Liners are run on drillpipe and therefore the conventional cementing techniques cannot be used for cementing a liner. Special equipment must be used for cementing these liners.
As with a full string of casing the liner has a float collar and shoe installed. In addition there is a landing collar, positioned about two joints above the float collar (Figure 16). A wiper plug is held on the end of the tailpipe of the running string by shear pins.
The liner is run on drillpipe and the hanger is set at the correct point inside the previous casing string. Mud is circulated to ensure that the liner and the annulus is free from debris, and to condition the mud. Before the cementing operation begins the liner setting tool is backed off to ensure that it can be recovered at the end of the cement job. The cementing procedure is as follows:
1 Pump spacer ahead of cement slurry
2 Pump slurry
3 Release pump down plug
4 Displace cement down the running string and out of the liner into the annulus
5 Continue pumping until the pump down plug lands on the wiper plug.
6 Apply pressure to the pump down plug and shear out the pins on the wiper plug. This releases the wiper plug
7 Both plugs move down the liner until they latch onto landing collar
8 Bump the plugs with 1000 psi pressure
9 Bleed off pressure and check for back flow
Since there is no bottom plug in front of the slurry the wiper plug cleans off debris and mud from the inside of the liner. This material will contaminate the cement immediately ahead of the wiper plug. The spacing between the landing collar and the shoe should be adequate to accommodate this contaminated cement, and thus prevent it from reaching the annulus where it would create a poor cement job around the shoe.
To promote a good cement job, cement in excess of that required to fill the annulus between the liner and the borehole is used. This excess cement will pass up around the liner top and settle on top of the liner running assembly. Once the cement is in place the liner setting tool is quickly picked up out of the liner. With the tail pipe above the liner top the excess cement can be reverse circulated out. The setting tool can then be retrieved.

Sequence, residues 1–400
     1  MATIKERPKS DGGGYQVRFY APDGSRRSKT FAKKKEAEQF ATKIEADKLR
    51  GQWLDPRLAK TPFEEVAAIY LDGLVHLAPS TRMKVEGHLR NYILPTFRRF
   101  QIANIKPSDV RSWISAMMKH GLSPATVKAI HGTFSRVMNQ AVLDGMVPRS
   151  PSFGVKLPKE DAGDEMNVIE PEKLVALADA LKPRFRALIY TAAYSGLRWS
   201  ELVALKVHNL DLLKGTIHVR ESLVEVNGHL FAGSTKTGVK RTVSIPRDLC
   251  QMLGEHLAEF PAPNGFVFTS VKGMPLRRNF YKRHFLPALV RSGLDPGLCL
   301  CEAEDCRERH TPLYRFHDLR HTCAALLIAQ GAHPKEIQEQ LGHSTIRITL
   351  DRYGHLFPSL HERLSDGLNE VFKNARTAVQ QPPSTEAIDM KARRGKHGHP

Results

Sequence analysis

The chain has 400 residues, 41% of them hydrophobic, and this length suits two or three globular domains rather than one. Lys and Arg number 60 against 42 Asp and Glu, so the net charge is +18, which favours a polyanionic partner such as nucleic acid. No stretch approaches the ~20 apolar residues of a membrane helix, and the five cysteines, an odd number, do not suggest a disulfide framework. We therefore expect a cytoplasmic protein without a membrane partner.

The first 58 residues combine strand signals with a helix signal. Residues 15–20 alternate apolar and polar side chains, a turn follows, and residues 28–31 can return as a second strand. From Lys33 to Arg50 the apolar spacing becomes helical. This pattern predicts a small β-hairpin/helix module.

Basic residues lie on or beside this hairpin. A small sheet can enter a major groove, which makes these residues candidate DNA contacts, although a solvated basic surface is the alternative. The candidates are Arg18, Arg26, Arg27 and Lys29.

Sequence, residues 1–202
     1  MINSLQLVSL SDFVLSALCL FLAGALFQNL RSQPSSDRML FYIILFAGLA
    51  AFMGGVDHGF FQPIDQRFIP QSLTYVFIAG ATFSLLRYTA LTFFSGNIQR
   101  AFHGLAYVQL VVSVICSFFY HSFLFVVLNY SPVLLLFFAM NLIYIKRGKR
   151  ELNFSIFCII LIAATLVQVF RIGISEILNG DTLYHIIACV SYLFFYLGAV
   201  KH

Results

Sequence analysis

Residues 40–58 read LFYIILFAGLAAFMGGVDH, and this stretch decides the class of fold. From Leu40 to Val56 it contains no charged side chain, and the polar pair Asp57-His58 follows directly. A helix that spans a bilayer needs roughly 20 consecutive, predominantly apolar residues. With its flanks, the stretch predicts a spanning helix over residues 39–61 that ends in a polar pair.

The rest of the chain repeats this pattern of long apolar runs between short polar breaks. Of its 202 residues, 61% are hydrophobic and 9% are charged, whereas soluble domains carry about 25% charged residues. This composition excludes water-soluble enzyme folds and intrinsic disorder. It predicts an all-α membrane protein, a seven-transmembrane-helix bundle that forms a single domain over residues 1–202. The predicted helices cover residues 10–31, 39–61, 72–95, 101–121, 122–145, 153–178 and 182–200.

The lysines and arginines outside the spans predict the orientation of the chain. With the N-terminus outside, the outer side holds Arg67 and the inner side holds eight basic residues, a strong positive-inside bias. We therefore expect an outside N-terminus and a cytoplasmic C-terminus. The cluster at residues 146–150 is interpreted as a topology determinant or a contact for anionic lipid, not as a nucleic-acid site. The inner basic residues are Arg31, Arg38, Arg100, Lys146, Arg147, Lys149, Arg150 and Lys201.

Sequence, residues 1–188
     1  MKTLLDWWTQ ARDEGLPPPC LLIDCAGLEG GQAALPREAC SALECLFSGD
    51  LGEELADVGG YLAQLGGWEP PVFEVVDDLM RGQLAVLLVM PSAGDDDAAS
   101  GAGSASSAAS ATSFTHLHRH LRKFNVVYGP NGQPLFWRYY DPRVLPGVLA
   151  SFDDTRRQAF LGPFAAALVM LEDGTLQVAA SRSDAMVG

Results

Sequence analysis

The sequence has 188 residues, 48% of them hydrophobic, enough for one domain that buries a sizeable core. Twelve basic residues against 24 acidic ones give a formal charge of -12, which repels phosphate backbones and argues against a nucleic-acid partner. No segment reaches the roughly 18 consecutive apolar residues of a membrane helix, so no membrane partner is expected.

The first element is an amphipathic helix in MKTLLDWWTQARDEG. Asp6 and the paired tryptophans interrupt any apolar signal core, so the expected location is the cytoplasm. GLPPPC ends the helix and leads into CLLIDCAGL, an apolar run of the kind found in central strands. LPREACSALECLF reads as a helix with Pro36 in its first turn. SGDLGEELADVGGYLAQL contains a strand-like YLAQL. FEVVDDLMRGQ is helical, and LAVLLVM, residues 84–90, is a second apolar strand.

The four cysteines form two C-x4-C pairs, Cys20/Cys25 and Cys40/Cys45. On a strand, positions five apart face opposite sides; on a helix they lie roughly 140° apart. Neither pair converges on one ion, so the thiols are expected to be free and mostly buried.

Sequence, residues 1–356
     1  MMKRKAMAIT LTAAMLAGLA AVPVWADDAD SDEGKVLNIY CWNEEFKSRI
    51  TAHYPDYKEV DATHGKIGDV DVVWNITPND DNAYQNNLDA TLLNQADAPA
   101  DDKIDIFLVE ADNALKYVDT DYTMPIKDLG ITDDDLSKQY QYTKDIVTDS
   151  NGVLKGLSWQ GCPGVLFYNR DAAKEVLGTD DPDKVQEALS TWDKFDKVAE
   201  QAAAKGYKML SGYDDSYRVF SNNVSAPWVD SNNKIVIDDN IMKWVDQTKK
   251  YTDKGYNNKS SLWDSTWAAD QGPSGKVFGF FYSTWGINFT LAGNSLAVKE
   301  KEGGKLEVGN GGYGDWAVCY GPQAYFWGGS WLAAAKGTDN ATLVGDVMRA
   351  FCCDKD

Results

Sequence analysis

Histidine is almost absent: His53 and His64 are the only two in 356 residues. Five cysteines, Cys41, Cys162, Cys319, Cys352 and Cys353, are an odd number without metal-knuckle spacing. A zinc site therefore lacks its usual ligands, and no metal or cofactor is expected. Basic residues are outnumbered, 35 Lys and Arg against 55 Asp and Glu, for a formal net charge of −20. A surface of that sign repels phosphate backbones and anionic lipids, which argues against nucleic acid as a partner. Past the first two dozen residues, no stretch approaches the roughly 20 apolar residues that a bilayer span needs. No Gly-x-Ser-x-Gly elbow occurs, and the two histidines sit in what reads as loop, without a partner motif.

In practice it is very difficult to obtain a good cement job on a liner. The main reasons for this are:
(a) Minimal annular clearances
A 7″ OD liner run in an 8 1/2″ hole gives a clearance of only 3/4″ (assuming the
liner is perfectly centred). This small clearance means that:
• It is difficult to run the liner (surge pressure)
• High pressure drops occur during circulation (lost circulation problems)
• It is difficult to centralise the liner
• Cement placement is poor (channeling)
(b) Mud contamination
When the cement comes in contact with mud or mud cake it may develop high viscosity. The increased pump pressure required to move this contaminated cement up the annulus may cause formation breakdown. Fluid loss additives must be used to prevent dehydration of the cement which may cause bridging in the annulus.
(c) Lack of pipe movement
Due to risk of sticking the setting tool, most operators want to be free of the liner before cementing begins. By disconnecting the setting tool the liner cannot be moved during the cement job. This lack of movement reduces the efficiency of cement placement. Due to these problems it is often necessary to carry out a remedial squeeze job at the top of the liner (Figure17). It is becoming more common these days to remain latched on top of the liner and rotate the liner whilst the cement is being displaced into position. A special piece of liner running equipment, known as a rotating liner assembly, is used for this purpose.
Institute of Petroleum Engineering, Heriot-Watt University